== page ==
Sunday, October 19, 2014

Book Review: Friendship Origami

Today is paper craft day. No, I'm not making pretty things out of paper, I am diligently transferring previously published articles (sigh) from that soon to be defunct publishing web site, you know, the one that used to be a good source of passive income for free-lance writers? Alas, it was a good run while it lasted.

I've been slacking off the past couple months, but a recent RT on Twitter reminded me that I have a little over a month left to get all my articles transferred from the site to my blog. Today's session started with the migration of my (former) Helium article on where to find scherenschnitte patterns, a tedious process in that I had to edit each hyperlink and check to be sure all the examples I'd listed in the original article were still viewable on active web pages.

Once that was (finally) over (it may have taken longer because the Saints game was on...) my sojourn into Scherenschnitte was  followed by the relocation of my book review of of Ramona Jablonski's Paper Cut-Out Design Book. The next subject at hand is one of my personal favorites - origami.

This cute little book came to me one day via my aunt; I've used it in the past in my enrichment classes, both for crafting and for sessions in how to follow directions. My students loved making origami items, and when we did them as part of an exercise in following directions I never told them what they were making. If they listened carefully, they'd end up with a paper cup (one of the simplest things to make).

I've even had the kids make their own origami paper by coloring abstract designs onto plain old copy paper. Copy paper is cheap and letting the kids decorate their own (without necessarily knowing why) lets them do something they love to do - color, and it provides them with unique papers later for use in their origami projects.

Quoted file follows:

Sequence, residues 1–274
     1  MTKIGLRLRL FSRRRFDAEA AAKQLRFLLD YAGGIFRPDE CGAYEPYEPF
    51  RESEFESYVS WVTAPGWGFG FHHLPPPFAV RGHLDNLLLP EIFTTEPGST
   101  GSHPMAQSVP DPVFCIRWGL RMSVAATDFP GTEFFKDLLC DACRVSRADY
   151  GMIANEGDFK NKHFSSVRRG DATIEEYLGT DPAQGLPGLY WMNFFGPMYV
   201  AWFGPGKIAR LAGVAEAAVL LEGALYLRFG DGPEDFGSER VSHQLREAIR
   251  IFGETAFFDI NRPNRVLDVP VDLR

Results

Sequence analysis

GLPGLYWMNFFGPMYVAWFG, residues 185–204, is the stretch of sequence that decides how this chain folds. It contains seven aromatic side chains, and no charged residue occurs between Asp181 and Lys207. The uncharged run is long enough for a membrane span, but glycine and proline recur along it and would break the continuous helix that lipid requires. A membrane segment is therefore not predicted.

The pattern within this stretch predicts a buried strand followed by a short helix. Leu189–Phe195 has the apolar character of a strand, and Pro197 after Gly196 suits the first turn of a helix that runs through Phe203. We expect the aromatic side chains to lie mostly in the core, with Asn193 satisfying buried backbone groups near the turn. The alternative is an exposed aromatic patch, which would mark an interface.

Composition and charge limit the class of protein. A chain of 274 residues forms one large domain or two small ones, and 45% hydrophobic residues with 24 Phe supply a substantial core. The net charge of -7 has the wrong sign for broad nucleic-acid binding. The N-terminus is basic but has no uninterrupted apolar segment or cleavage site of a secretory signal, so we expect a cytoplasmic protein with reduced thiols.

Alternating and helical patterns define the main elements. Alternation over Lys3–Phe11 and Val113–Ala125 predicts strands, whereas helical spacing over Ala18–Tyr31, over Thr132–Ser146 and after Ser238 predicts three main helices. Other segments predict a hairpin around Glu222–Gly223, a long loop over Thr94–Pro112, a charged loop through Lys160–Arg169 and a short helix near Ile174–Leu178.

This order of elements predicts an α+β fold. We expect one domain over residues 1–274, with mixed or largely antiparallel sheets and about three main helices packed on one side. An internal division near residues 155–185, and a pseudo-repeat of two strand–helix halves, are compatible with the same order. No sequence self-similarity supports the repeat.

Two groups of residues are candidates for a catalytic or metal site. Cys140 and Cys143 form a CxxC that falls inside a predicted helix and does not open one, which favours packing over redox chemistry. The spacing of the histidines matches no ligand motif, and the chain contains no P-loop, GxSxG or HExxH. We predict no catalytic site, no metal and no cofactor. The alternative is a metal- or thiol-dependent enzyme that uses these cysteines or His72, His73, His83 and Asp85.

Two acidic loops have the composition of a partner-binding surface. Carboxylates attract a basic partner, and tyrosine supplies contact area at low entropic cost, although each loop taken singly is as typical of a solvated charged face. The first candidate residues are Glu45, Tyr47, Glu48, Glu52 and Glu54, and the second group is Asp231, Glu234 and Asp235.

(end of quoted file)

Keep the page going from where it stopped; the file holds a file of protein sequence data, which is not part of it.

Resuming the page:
And so...

Review: Friendship Origami

Filled with sixty-four colorfully illustrated pages, Jill Smolinski’s Friendship Origami promises hours of paper folding fun with over two dozen great projects from jewelry to animals to paper dolls.  Even though the book’s cover says “Girls wanna have fun,” it’s a sure bet that boys will find almost all of the included projects equally as enjoyable.
Recommended for kids aged nine through twelve, Friendship Origami begins by explaining the basic folds and forms essential to creating origami on the first two pages and then moves straight into making stuff with the “Best Buddy Bracelet.”  This accordion folded project can be completed by any child capable of making a folded paper fan.  Children between the ages of six and seven may need a little help from an adult, especially with the last few steps, but even they can make this bracelet.  (This project is a great manipulative to use in the classroom, especially as an exercise in following directions.)  Recycled magazine pages with colorful pictures on both sides produce very interesting bracelets as does gift wrap.
The only difficult fold in the entire book is the Peace Crane. Everything else in Friendship Origami is easy enough that even younger kids (aged seven or eight) could accomplish many of the folds with the help of a fold-savvy adult to clarify some of the step by step instructions.  While the jewelry and purse projects are geared specifically toward girls there are many that are not.
Both girls and boys will enjoy folding the wallet, hat, dice, dog and turtle origami projects outlined in Friendship Origami.  The folded gift box is a great way to reuse stiff paper like the perfume inserts and advertising cards in magazines as well as old greeting cards.  The “Heart of Lace” makes a great Valentine project and the pinwheel, catchall and basket make great party favors.
Many kids learn to fold paper fortune tellers (also known as cootie catchers) at some point in their school careers and Friendship Origami presents yet another option for this project in using them to create puppets.  (Note: In the book they are used as a candy dish and can be found in the table of contents under Sweets for the Sweetie.)
Origami is a great activity that both kids and adults enjoy that yields hours and hours of entertainment and Friendship Origami is a great introduction for young people to the ancient paper folding activity.  All instructions are fully illustrated in simple, plain language.

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